A Flea in the Fur of the Beast

“Death, fire, and burglary make all men equals.” —Dickens

Tag: baseball

A Cardinals World Series Win Would Be Very Bad For Baseball

by evanmcmurry

The wait-and-see narrative of the entire 2012 season has been the second Wild Card. Will it ruin baseball, will it make the final stretch more exciting, etc. We’ve had to wait the whole season to even ask these questions, let alone answer them.

Thus far, especially in the AL, it seemed to be a success: the two teams that qualified for the Wild Card were in contention for their division title until the last day of the season; either would have been in first place by five games in the AL Central. There was no mediocre team scooting into a playoff  in which they had no business playing, and we got a slightly more exciting September out of the extra slot.

The same can’t quite be said of the NL. Atlanta clinched the first Wild Card with 94 wins, beyond doubt a playoff team. But the Cards were nine out of first place in their division, and six games behind the Braves for the top Wild Card spot; they would have been in third place in the NL East. The 2011 Cardinals were the sort of rare come-from-behind team that makes playoffs exciting (recall the Rockies in ’07), getting hot late and playing some mean baseball down the stretch. But this year’s is a merely decent team that just happened to clear—barely—a newly-lowered playoff berth. In any other year, the Cards wouldn’t have been anywhere close to a postseason game.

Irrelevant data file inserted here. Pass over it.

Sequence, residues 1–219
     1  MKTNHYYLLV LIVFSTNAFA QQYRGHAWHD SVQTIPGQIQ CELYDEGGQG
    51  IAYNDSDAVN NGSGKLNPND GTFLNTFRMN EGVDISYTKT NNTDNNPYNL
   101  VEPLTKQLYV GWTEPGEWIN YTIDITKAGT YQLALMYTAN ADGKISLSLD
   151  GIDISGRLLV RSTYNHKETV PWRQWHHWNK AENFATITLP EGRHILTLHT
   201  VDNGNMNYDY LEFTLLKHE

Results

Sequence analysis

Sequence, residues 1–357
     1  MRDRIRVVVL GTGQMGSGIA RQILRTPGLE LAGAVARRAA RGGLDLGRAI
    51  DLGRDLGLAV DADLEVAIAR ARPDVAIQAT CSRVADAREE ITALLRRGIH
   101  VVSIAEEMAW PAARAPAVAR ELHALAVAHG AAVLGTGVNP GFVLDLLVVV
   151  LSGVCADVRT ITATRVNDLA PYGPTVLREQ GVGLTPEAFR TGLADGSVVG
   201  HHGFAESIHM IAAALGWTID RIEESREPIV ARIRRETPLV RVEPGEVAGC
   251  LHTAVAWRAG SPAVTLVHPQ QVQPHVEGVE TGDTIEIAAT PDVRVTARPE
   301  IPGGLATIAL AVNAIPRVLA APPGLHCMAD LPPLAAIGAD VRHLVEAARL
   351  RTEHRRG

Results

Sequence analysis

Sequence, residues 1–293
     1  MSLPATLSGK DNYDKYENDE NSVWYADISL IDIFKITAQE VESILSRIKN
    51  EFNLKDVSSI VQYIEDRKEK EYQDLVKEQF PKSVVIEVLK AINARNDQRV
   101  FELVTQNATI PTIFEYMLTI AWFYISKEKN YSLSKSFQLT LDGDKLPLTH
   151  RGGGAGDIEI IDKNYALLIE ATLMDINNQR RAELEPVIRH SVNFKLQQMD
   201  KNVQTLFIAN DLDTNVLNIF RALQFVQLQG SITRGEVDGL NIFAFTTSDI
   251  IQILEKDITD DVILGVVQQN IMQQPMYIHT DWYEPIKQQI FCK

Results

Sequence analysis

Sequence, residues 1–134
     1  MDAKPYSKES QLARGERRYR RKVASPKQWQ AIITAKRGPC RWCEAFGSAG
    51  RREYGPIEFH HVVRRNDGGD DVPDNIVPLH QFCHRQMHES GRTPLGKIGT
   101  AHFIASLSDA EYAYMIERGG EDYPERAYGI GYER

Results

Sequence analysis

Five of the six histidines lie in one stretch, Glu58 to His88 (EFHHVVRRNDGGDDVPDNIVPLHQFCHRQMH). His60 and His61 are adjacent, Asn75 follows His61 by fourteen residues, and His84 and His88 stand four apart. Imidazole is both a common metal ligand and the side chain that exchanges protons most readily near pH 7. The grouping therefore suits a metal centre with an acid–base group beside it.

In other words, if you want to make an argument that the second Wild Card is diluting the postseason by allowing subpar teams into the playoffs, the 2012 Cardinals look to be Exhibit A. If they make it to the World Series, and especially if they win the Championship, a lot of people will argue, pretty convincingly, that the second Wild Card was a terrible idea.

Ex-Red Sox Players Continue To Punish Red Sox For Trading Them

by evanmcmurry

YOUK with a three-run shot last night. Without it, Sox (Red) would have won 5-3.

Josh Reddick, by the by, one of last year’s more exciting rookies, is currently leading the Oakland As in batting average, home runs (20!), RBIs, runs, and OPS. For you more visual learners:

Reddick made life very difficult for the Sox when they were in Oakland a couple months ago.

Meanwhile, Andrew Bailey is still on the DL, and Brad Lillibridge has a .125 batting average with no RBIs; YOUK now has more RBIs in Fenway as a White Sox than Lillibridge does as a Red Sox.

So, good trades all around.

Speaking Of MLB Figures Saying Whatever The Fuck They Want

by evanmcmurry

And I was complaining. Ozzie Guillen welcomes Bryce Harper to Miami with a local serving of Ozzie’s patented profanity salad. And you thought a Castro scandal in Florida would shut him up!

I’m No Baseball GM, But…

by evanmcmurry

I don’t like the Red Sox trade of Josh Reddick for an A’s relief pitcher. It may make all the sense in the world from a talent/roster perspective (though few of the Sox’s pitching moves have, recently), but the Sox didn’t have a talent/roster problem last year–in fact, they had the (second) best roster in baseball. The Sox had a getting drunk and eating fried chicken in the clubhouse problem, which is to say a character problem. Josh Reddick is a young, eager ballplayer with tons of promise and what appeared (I don’t now the guy) to be character; he seemed like another Dustin Pedroia. Don’t the Sox need that more than a guy who can pitch the seventh inning every few games?

Re: Ryan Braun

by evanmcmurry

“The false positive paradox is a statistical result where false positive tests are more probable than true positive tests, occurring when the overall population has a low incidence of a condition and the incidence rate is lower than the false positive rate.” #nope #nicetry